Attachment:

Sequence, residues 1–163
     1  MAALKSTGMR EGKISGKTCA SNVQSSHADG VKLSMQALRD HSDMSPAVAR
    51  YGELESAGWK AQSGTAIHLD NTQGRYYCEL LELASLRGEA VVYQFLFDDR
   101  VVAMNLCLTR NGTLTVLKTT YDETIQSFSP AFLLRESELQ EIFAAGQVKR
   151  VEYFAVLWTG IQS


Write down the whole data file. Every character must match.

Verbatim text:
Sequence, residues 1–163
     1  MAALKSTGMR EGKISGKTCA SNVQSSHADG VKLSMQALRD HSDMSPAVAR
    51  YGELESAGWK AQSGTAIHLD NTQGRYYCEL LELASLRGEA VVYQFLFDDR
   101  VVAMNLCLTR NGTLTVLKTT YDETIQSFSP AFLLRESELQ EIFAAGQVKR
   151  VEYFAVLWTG IQS